MoEF spells out parameters for identifying inviolate forest areas
The Union Ministry of Environment and Forests (MoEF) has put out the report on parameters for identifying inviolate forest areas. These are supposed to be pristine forests where any mining activity would lead to “irreversible” damage and hence the need for their protection. The report made public on January 24 is open for public comments till February 23.
A Group of Ministers (GoM) constituted by the Cabinet secretariat had suggested in September 2011 that such inviolate forests be identified and that any non-forest activity in these be barred. The GoM was set up to look into issues relating to coal mining and other development projects. MoEF explained that the exercise first required formulation of parameters for identification of these pristine forests and other forests that need to be protected.
The ministry formed a committee under its secretary in March last year to formulate the parameters. The 16-member committee had representatives from the National Biodiversity Authority, Forest Survey of India, Wildlife Institute of India, National Tiger Conservation Authority, principal chief conservators of forests from some states and ministry officials.
The committee has indicated six measurable parameters for identification of inviolate areas – forest type, biological richness, wildlife value, forest cover, landscape integrity and hydrological value. All parameters will be scored on a 0-100 scale. The committee has scored 178 forest types based on comparative ecological significance, extent and range and uniqueness among other things.
To illustrate, Andamans' moist deciduous forest, Cachar tropical evergreen forest, moist bamboo brakes, among others, score more than a 90, while Siwalik chir pine forest, Assam sub-tropical pine forest, Rann saline thorn forest and the likes score less than 20. Scoring for forest cover has been suggested to include gross forest cover and weighted forest cover average with respect to the total forest area, multiplied by 100. Forests with area less than 50 sq km across the country will be scored at 100.
Biodiversity gets prime importance
The committee has recognised that biodiversity conservation is the backbone of inviolate area protection and suggested the use of biodiversity characterization carried out by the Indian Institute of Remote Sensing (IIRS) for the country. This IIRS characterisation considers factors like uniqueness, species richness, biodiversity value, terrain complexity and disturbance. Scoring criteria have also been developed for wildlife value of a site. For instance, exclusive breeding sites and habitats of rare/endangered species will get a score of 95 even if they are not wildlife sanctuaries or national parks. On the other hand, areas with occasional presence of wildlife are to be scored 25 similarly; wildlife sanctuaries and national parks will get a score of 100.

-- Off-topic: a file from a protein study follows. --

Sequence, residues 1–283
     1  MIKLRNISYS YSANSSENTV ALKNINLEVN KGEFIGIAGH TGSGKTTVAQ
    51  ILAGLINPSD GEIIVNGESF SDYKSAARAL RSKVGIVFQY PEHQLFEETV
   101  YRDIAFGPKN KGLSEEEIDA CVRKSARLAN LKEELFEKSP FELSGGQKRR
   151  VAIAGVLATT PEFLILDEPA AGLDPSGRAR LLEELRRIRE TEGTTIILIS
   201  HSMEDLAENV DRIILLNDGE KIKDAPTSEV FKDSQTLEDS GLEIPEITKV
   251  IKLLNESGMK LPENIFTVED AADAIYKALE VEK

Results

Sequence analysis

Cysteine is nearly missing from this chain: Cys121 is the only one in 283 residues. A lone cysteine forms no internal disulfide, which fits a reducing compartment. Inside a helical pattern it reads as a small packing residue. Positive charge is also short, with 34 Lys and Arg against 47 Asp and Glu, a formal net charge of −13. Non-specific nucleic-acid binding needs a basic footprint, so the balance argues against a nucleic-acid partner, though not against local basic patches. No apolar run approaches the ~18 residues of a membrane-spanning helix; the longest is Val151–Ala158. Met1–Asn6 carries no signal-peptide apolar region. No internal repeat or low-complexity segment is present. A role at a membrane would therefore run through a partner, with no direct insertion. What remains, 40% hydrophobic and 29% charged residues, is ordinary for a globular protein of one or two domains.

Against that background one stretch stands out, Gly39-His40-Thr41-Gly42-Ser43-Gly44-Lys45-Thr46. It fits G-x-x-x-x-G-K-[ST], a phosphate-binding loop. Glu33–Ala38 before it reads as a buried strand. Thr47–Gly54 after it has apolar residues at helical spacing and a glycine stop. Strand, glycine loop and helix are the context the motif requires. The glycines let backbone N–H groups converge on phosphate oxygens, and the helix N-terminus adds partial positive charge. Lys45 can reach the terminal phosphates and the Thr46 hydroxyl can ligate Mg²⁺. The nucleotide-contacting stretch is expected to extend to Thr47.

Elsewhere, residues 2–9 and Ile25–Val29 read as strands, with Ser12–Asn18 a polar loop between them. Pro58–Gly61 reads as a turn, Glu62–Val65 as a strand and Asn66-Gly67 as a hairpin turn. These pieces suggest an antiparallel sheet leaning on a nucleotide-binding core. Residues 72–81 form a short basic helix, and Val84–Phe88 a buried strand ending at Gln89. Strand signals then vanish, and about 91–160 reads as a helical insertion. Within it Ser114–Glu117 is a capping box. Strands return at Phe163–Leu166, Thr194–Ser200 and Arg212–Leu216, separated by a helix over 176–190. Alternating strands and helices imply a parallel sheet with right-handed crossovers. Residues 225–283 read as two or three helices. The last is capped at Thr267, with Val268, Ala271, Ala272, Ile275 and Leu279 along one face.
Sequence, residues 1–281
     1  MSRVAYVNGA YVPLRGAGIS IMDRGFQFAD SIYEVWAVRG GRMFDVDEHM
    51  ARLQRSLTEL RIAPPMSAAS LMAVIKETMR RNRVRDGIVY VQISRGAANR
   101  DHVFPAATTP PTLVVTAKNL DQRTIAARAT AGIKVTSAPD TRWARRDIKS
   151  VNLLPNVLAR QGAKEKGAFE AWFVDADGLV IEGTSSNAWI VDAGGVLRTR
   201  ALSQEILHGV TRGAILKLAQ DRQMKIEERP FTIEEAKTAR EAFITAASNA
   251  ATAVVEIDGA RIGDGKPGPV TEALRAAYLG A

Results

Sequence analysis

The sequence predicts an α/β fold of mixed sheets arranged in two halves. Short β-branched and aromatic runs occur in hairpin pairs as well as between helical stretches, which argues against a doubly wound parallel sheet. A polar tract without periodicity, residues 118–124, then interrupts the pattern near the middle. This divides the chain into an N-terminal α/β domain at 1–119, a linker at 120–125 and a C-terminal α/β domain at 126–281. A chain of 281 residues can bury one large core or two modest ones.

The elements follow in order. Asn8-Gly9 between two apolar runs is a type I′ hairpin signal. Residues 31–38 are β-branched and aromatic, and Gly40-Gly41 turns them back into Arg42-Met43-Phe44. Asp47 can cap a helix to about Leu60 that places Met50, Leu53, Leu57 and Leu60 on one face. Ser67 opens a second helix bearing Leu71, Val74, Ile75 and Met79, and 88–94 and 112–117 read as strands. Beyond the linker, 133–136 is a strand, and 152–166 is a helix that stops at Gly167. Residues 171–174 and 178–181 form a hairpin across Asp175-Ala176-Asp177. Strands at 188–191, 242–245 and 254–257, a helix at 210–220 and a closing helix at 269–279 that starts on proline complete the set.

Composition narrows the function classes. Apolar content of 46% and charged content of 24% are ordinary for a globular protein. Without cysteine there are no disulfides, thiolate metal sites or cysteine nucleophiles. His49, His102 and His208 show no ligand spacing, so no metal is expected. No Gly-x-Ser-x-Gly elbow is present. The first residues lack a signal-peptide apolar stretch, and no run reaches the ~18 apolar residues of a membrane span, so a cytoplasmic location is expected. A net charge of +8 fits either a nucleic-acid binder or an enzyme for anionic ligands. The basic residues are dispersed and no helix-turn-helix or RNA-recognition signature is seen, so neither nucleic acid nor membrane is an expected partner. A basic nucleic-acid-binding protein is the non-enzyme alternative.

Landscape is to be scored based on satellite imagery and maps. For example, an area located at or near the centre of a non-fragmented landscape having more than 1,000 sq km of area will be awarded a score of 100. The committee has taken into consideration the importance of forests in maintaining hydrological cycle. Any area located in the catchment of water supply schemes is to be scored 75 while area not being in any catchment of a perennial or major seasonal river/stream is to be scored 40. Forests located in direct catchment or 250 m from wetland boundary (area > 10 ha) will be scored a 100.
For the exercise, the committee has suggested dividing the country into 1km x 1km grids and that each cell then be scored on these parameters. These scores are then to be averaged out for each grid. Based on a "threshold" average score, each grid can then be assigned the attribute of "inviolate" as necessary. Grids with a score of more than 70 on 100 are to be labelled as inviolate. For a mining block, if most of the grids falling under it are inviolate then the block is to be considered inviolate as well.
New panel proposed for identifying inviolate forests
It is now proposed that another committee be formed under the chairmanship of director general of the forest survey of India to identify areas as per these parameters and rules and submit the same to MoEF. The ministry will then put out this list in the public domain for comments from different stakeholders including the state governments. The MoEF will then finalise the list and notify these under the Environment (Protection) Act of 1986.
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